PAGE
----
JACKSON, Miss. (WLBT) - Jackson Mayor Chokwe Antar Lumumba issued an executive order suspending the open carry law in the city during the COVID-19 pandemic.
Lumumba made the announcement in a video uploaded to YouTube on Saturday. In the video, he stated the suspension is a response to the rampant gun violence in the city.
On April 1, Lumumba issued a city-wide stay-at home-order, in which residents were advised to stay home during the COVID-10 pandemic.
Despite the order, crime continued to rise in Jackson.
A number of deadly shootings have been reported this month, including an incident in which five shootings happened in a time span of four hours.
11-year-old Jordan McCoy was shot and killed in his sleep during the shootings.
Then ten days later, 5-year-old Queenyana Davis was shot and killed during a visit at the Wood Village Apartments.
Lumumba addressed these shootings saying, “In the space of just one week, two innocent children have lost their lives due to senseless gun violence. Many of these killings could have been avoided if we had state law that enabled us to better control the presence of firearms on our streets."
He said that progressive programs, such as the Credible Messenger program, have been implemented to help lessen violent crime in Jackson.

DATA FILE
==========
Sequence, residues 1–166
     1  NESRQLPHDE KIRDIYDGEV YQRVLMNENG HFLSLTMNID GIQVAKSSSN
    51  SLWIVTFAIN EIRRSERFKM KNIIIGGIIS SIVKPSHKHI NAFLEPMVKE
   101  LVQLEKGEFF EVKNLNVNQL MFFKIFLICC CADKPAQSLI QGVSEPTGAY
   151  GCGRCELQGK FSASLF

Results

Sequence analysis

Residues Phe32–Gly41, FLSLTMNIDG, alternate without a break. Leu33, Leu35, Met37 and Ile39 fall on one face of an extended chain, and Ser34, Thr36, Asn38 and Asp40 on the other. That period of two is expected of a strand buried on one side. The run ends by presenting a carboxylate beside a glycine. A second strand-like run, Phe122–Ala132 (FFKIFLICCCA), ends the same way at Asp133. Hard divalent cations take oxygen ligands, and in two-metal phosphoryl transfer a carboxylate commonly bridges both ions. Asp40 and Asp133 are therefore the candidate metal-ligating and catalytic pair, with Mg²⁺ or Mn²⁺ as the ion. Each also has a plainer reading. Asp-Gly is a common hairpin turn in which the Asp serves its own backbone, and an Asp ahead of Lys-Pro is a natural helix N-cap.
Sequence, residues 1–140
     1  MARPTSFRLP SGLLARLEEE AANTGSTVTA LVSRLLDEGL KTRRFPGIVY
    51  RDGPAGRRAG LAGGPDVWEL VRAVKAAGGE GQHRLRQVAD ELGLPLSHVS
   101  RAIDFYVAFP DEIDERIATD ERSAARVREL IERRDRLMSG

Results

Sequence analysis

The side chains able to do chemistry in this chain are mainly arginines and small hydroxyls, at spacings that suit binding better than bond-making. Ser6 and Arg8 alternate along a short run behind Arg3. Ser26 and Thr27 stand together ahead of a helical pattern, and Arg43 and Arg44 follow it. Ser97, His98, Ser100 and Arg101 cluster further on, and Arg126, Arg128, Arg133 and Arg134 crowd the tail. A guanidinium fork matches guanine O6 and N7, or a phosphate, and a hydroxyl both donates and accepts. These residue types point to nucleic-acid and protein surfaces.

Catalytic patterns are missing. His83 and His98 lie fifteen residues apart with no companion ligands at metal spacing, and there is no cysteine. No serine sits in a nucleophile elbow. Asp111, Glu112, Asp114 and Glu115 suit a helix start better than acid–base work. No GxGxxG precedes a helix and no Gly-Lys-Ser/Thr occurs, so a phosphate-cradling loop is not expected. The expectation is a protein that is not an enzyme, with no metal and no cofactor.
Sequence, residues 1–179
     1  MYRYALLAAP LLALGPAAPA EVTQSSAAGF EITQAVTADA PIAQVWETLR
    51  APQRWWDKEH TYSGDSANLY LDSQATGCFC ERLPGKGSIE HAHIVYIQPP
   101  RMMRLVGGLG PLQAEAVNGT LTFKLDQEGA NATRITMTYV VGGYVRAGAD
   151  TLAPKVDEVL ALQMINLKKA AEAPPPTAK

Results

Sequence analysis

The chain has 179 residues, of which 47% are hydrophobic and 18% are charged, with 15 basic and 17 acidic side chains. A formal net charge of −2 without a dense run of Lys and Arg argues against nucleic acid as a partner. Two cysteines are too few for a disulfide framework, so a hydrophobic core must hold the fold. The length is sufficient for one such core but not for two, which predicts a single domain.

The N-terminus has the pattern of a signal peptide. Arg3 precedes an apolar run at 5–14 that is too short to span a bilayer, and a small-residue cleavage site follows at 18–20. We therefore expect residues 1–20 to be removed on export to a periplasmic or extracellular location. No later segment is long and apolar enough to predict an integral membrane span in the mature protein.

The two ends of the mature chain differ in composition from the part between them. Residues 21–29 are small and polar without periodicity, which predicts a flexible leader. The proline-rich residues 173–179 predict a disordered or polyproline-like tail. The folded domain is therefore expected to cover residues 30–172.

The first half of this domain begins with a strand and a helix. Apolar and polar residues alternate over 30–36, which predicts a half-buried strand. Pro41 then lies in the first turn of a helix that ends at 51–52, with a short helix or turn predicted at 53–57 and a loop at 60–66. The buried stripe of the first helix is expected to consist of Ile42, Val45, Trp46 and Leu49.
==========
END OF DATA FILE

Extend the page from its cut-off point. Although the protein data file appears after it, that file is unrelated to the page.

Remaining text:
He stated that the intent of such programs is to help people reach better solutions before they turn deadly. However, Lumumba said these measures alone are not enough to reduce gun violence in the city.
“The City of Jackson faces a significant challenge with illegal guns,” Lumumba said. “Prior to the open carry law, when Jackson police officers saw a gun in plain view, it gave them probable cause to seize the weapon and determine if it was an illegal weapon or not. The open carry law not only provides protection to individuals who armed with illegal weapons, it creates an atmosphere of fear and intimidation in the community.”
Lumumba stated this led to his decision to issue an executive order suspending the open carry law during the COVID-19 civil emergency.
He said that the state statute, Mississippi Code 45-17-7, grants him the right to issue such order. “Under state statute, I am given the discretion in the interest of public safety and welfare to issue such orders that are necessary for the protection of life and property.”
Lumumba also stated that he does not disagree with the Second Amendment. “I want to make it clear, that I have no principled disagreement with the Second Amendment right to bear arms, but all rights must be bound by reasonable regulations.”
Lumumba’s executive order received backlash from Republican State Senator Chris McDaniels and the Attorney General of the State Lynn Fitch.
McDaniels made a statement on Facebook criticizing Lumumba’s decision.
“Mayor Lumumba has no power to trample on the Second Amendment,” McDaniels wrote. "Despite his attempted power grab, he absolutely cannot block legal carry of lawfully owned firearms. Instead of dictating unconstitutional actions, he would be better served to finally repair the city’s potholes, help reduce violent crime against innocent victims, and perhaps balance a budget for a change.”
Fitch released a statement on Twitter saying that cities do not possess the authority to violate citizens’ Constitutional rights.
Lumumba also provided a link under the video for a petition to repeal the open carry law. So far, the petition has 39 signatures.